Are you sitting comfortably?
Long, long ago, when I was only just learning about colours and seasons in the church (having come from a cords, brown shoes, check shirt and horn-rimmed glasses church background) I went away on a weekend course teaching us about liturgy.
Friday came and went and every step was a new piece of information about the seasons, morning prayer, evening prayer and, can you believe it, night prayer too! We were invited to join one of the many groups doing prayer at the end of the first day. This was wall-to-wall revelation time for me and it was here that I learned that complign was actually complin (even though it is spelled 'compline' of course) and how it spoke of 'completeness' and the the of the day.
Saturday came and after morning prayer (the night has passed and the day lies open before us . .) we were treated definitions, descriptions and means of handling Psalms and greater and lesser endings, collects and BCP vs modern variants of them. The Gloria was explained (along with why some looked at their shoes during the first bit of it) and the means by which multiple Psalms could be said without returning to it each and every time. We discussed antiphonal readings (which being paid to sing Gregorian stuff was something, probably the only thing in fact, I actually knew about!) and the purpose of the Psalm in worship (NO, it cannot be used to replace one of the other set readings).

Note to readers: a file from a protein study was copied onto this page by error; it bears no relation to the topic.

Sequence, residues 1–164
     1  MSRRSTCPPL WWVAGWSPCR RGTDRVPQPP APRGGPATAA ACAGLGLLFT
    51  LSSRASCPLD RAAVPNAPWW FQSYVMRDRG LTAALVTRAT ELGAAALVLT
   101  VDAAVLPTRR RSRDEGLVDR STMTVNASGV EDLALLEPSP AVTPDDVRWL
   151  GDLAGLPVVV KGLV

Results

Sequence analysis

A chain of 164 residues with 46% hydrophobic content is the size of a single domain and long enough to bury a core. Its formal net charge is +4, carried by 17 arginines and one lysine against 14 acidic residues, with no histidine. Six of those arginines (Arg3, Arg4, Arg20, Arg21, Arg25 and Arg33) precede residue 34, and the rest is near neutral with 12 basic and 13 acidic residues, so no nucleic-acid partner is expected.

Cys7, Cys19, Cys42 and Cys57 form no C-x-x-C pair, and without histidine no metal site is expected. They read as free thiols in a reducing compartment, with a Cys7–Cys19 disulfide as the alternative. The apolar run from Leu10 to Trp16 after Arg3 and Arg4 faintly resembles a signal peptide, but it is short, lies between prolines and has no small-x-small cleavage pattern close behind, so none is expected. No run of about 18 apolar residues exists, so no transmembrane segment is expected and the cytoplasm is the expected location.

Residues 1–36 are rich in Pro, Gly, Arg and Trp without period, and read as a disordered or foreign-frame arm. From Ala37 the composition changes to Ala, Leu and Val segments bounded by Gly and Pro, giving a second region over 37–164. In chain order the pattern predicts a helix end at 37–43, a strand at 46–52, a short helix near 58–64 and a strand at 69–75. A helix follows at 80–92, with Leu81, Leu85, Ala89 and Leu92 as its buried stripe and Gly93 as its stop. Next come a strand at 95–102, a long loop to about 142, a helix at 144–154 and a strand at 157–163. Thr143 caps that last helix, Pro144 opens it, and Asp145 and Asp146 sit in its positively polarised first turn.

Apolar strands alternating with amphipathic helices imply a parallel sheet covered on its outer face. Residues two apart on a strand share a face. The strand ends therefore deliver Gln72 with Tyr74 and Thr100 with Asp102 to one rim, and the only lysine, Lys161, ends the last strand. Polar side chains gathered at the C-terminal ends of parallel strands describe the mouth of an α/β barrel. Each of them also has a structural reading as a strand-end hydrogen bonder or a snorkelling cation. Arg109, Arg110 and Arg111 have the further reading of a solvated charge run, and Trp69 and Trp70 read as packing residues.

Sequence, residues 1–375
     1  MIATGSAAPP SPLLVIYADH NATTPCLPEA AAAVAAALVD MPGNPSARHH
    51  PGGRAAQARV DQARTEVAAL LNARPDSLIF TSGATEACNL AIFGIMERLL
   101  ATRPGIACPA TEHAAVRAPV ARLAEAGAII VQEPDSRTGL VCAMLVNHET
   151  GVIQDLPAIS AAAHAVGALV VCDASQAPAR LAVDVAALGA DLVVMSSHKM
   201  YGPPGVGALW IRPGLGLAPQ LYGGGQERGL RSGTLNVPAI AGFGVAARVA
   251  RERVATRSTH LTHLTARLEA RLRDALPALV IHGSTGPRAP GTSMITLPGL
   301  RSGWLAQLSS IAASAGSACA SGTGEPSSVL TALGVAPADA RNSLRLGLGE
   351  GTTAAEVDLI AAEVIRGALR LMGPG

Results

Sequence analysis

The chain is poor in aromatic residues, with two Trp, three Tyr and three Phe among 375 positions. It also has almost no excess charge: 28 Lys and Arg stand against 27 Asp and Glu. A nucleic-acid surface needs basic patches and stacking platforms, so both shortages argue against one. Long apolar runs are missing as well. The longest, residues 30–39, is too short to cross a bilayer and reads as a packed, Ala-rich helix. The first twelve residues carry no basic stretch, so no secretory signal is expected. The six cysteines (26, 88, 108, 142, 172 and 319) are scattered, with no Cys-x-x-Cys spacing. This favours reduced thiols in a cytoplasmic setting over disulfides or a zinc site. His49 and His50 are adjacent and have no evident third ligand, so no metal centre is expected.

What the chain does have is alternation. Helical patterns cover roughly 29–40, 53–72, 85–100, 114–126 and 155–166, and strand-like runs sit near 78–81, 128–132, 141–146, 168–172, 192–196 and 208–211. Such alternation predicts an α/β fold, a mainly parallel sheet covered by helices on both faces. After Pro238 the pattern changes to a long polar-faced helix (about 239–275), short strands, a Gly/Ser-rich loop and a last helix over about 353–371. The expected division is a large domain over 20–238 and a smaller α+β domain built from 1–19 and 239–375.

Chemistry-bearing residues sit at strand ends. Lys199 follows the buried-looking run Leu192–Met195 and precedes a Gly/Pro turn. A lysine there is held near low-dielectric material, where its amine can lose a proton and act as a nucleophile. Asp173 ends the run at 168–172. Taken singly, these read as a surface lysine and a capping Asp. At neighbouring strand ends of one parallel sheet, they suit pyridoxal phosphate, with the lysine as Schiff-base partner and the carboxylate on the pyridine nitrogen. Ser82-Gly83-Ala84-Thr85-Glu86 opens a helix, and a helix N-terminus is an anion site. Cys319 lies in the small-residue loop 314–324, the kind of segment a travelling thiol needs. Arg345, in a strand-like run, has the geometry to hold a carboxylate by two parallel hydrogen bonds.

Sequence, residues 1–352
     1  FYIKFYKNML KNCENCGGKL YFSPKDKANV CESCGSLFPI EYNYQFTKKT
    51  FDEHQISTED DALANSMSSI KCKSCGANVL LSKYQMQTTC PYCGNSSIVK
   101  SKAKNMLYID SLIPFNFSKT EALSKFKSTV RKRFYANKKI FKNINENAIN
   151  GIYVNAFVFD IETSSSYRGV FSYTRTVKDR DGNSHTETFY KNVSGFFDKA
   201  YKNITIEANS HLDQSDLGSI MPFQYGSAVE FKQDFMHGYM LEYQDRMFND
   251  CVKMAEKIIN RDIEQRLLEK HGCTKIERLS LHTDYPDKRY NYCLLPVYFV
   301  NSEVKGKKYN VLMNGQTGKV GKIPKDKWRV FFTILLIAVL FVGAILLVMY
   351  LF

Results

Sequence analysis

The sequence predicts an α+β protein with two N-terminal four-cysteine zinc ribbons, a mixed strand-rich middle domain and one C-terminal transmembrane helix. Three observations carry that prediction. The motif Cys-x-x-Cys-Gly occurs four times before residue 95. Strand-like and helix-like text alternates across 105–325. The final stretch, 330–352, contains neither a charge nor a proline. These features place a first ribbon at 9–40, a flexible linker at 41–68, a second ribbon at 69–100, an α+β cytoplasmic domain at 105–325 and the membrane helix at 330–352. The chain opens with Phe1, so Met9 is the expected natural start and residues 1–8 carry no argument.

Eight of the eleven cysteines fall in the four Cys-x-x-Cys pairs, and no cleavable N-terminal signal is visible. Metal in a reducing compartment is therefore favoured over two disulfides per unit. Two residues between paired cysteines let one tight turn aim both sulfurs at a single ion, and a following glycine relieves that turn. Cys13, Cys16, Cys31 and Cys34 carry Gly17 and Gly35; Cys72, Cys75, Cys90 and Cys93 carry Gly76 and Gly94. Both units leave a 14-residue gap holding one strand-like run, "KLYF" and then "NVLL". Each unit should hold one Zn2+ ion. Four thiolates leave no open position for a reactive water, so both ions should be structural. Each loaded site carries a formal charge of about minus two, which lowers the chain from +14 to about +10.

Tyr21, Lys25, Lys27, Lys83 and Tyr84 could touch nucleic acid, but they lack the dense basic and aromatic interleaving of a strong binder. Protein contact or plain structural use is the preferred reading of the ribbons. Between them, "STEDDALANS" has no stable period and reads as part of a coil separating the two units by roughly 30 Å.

Lunch came and a few of us decided, having seen the scoff, to absent ourselves and visit the local hostelry for pie and a pint. Returning just a tad late there were three of us who, having signed up for the same 'break out' session, crept stealthily into the back of the lecture theatre.
The woman lecturing having finished her introduction then moved on to the session proper and it went a little like this:
"one of the tings that I really like to do is to have my clothes match the colours of the liturgical season we are in. For instance I have discovered that H&M do a really nice range of suspender belts, bras and knickers in gold for Christmas and Easter Sunday . . . ."
The three of us looked at each other and wondered what on earth was going on. I wondered whether our absence had been noted and what we were experiencing was a set-up, but 'No', she continued to explain how certain clothing outlets sold purple items of 'intimate apparel' (what she described beautifully) for Lent and Advent,
Green, for ordinary time was limited to but a few shops whilst most outlets stocked red (for Pentecost and certain saint's days).
White was easy to find anywhere and so was merely passed by with a cursory note about easter, Christmas and others festivals when you didn't want to wear your gold stuff!
I was surprised to hear that whilst many shops stocked black, this was only worn by her on All Saints and Good Friday!
Seems that the biggest problem was getting good coloured tights that were sheer for if one was not careful you'd end up with Norah Batty tights (which of course would never do)!
The lecturer went on to explain that she didn't usually disclose the underwear thing but as this was a ladies only group she felt that it was safe to do so. She then proceeded to tell the group how we were going to do an exercise with the church's calendar and what colours we thought (or perhaps knew) would be right for them and as they started to pass the papers back, the three of us crept out before we were rumbled.
A little later, during afternoon tea, we found a couple of other people who had also been signed up for our break out group and discovered that due to numbers we had been moved into the, much smaller, chapel.
Which is where we went for the remainder of the session.
Mind you, I've never forgotten the colours of the liturgical calendar.
And the women lecturer?
Her identity is safe lest her face matches her intimate apparel come Pentecost :-)
Beggars the question though .. . . . . . "What colour are yours?